Rabbi Eliyahu Ben-Dahan, who was chosen Sunday to the second spot on the National Union's Knesset list, told Arutz Sheva in an exclusive interview Monday that he intends to lead the fight for family values in the 19th Knesset.
Rabbi Ben-Dahan, who was the Director of the Rabbinical Courts for about 20 years, said that he has numerous ideas for legislation in the field of family values, and that children are his top priority. "As Director of the Rabbinical Courts, I was exposed to a very problematic reality in which couples fight each other at their children's expense," he explained.
"Let me give you an extreme example," he said. "It often happens that at the very minute at which the father is supposed to receive his child for his parenting time, the child 'happens' to have diarrhea and 'happens' not to have clean clothes to wear and the mother says she cannot hand him over. The father returns home, dejected, and cannot receive the child."
"I have a dream of establishing an authority for enforcement of parenting arrangements. We have nothing like that now. A court can decide, for instance, that the children must see their father on the Pesach Seder, but there is no body in the country that can make sure this happens. The idea is to establish a body that will not be unlike the authority that enforces collection of child support debt. Once a court decides what the parenting arrangements will be, the decision will be communicated to the authority and that it will make sure that they are enforced."
Rabbi Ben Dahan said that the use of false accusations of violence by one parent against another has become a very widespread phenomenon. "I may consider carrying out legislation that will stiffen punishment for whoever files a complaint that turns out to be false. The present reality is a terrible one. It is said that when a woman enters the office of a lawyer or rabbinical advocate, she is told – 'first of all, file a complaint that says your husband fooled around with the girls. Now he will be distanced from the home for three months, and he will be neutralized.' This is widespread."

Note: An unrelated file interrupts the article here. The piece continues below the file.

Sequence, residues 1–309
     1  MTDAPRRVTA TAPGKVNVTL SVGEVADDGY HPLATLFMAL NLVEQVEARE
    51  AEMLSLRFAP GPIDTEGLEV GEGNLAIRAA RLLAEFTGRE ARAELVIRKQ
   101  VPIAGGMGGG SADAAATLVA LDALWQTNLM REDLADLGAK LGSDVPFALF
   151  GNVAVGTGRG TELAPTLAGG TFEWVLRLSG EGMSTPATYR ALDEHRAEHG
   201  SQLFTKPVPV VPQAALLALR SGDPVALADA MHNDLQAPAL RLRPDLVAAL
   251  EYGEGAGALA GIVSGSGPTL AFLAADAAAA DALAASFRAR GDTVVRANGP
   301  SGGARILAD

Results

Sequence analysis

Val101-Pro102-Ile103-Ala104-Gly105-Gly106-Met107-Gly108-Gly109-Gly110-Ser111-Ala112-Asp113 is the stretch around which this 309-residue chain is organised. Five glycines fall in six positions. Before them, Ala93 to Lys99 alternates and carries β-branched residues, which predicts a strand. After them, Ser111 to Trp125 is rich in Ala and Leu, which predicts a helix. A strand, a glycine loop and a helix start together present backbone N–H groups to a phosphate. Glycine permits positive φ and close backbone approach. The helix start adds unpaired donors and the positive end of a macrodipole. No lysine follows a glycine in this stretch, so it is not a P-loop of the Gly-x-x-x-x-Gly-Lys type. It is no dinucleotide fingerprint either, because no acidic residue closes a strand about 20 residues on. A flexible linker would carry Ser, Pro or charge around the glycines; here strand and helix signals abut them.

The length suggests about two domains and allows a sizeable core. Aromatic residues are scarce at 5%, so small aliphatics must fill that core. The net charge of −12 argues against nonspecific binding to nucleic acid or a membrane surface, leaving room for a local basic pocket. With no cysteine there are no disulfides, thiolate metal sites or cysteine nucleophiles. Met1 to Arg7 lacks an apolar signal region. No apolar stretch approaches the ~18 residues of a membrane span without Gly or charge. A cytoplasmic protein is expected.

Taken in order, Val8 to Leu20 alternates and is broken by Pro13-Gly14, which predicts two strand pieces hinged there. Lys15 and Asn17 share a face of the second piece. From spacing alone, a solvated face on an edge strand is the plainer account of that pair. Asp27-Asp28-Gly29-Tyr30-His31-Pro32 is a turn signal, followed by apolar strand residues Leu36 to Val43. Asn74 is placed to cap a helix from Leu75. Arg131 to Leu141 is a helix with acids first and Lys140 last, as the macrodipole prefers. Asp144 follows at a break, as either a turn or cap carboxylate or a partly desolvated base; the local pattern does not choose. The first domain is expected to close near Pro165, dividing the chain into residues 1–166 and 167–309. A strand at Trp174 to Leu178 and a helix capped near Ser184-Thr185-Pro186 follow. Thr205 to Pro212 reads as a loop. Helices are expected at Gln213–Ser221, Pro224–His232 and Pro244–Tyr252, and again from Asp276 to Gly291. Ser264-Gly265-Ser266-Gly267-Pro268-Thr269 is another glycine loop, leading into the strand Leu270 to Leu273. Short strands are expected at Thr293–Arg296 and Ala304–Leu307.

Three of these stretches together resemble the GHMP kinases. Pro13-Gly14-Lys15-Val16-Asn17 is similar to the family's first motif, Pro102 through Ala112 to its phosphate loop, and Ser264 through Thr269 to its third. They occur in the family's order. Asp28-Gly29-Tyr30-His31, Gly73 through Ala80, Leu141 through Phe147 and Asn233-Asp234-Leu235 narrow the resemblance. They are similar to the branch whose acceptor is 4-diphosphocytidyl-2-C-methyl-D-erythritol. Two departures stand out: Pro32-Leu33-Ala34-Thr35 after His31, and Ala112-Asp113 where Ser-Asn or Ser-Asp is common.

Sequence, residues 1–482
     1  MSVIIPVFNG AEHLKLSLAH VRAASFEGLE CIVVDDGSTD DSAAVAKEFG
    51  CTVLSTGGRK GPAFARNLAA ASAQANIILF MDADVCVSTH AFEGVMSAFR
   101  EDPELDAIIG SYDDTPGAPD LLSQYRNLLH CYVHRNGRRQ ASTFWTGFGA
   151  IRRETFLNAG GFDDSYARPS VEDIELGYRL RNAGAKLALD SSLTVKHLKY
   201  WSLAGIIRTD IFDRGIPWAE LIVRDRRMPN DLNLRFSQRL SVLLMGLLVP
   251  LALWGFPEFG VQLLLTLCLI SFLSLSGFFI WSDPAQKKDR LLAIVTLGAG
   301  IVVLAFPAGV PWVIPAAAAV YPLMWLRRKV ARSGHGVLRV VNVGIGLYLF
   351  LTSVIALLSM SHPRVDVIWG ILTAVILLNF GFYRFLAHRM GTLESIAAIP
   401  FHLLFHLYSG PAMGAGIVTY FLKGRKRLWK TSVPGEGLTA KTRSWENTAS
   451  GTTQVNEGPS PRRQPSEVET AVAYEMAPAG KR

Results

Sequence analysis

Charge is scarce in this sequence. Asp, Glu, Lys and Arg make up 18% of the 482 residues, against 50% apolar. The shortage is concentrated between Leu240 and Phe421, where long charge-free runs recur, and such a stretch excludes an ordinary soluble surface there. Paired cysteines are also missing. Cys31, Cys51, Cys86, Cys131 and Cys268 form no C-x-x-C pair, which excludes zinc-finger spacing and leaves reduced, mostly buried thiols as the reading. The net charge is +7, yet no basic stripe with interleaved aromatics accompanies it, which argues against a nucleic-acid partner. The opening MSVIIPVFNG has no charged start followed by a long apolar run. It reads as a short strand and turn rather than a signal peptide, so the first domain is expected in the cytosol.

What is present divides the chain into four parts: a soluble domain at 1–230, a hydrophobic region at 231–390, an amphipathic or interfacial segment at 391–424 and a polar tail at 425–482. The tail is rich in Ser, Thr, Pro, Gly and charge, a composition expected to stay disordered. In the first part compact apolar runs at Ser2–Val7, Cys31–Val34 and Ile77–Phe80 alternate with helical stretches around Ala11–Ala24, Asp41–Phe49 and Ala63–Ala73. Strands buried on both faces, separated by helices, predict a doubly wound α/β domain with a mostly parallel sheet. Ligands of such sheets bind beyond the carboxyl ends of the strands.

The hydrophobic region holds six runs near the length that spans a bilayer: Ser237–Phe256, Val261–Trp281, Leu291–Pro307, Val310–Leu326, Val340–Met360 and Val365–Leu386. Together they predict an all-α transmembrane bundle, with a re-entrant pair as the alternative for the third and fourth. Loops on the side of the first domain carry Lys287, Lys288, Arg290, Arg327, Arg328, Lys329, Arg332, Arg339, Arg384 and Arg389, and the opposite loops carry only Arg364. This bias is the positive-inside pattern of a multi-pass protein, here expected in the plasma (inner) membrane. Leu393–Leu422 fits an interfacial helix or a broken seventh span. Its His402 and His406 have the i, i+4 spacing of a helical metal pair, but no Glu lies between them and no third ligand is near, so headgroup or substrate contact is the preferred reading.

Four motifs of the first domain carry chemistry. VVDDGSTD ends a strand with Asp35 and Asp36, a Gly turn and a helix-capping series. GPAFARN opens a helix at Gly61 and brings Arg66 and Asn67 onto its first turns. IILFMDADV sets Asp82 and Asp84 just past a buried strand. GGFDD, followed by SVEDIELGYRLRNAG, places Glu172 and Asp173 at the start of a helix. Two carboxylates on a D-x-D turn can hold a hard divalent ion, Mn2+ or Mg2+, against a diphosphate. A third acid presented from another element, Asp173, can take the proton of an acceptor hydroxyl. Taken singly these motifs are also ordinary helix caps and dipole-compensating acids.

The rabbi said he is in favor of the idea of replacing the Knesset's current Committee for Advancement of Women and Committee for Children's Rights with a unified Committee for the Family. "Family values must receive a place of honor," he explained. "The most basic component of any nation is the family unit. I will do everything possible to assist in promoting this cause and I will strive to be its leader."
Rabbi Ben Dahan said he is aware that he will have to deal with disinformation spread by "feminist" groups. As Director of the Rabbinical Courts, he ordered a survey that found that the total number of men who refused to grant their wives a "get", or divorce decree, was 180, while the number of women who refused to accept the get from their husbands was 190. These numbers flew in the face of the persistent claims by women's groups and "feminist" MKs that there were 100,000 male get refusers in Israel – a number similar to that of the total number of men who had divorced in the past decade.
"Because I know the statistics well, it will be difficult to fool me," he predicted.
Rabbi Ben Dahan said that he favors the cancellation of the Tender Years Clause, which presently grants mothers automatic custody over children of divorce. A committee appointed by the Justice Minister has made a similar recommendation, he noted, and the minister has since approved the recommendations. Once they are signed into law, he said, they will have to be obeyed.
The Rabbinical Courts have a bad image in the Israeli public, Ben Dahan said, and "much of this is due to the activity of women's organizations." In fact, he claimed, a government study found that the Rabbinical Courts provided the public with better service, overall, and that there were 50% less complaints against them than against the Family Courts.
While Rabbi Ben Dahan's plans may herald an era of greater conservatism in the Knesset, it should be noted that the new NU list actualy displays a new openness. For the first time in its history, the National Union's new Knesset list includes a woman --- Director of the Human Rights in Yesha NGO, Orit Strook. For a party with a core leadership that is almost hareidi in its character, this is no small revolution.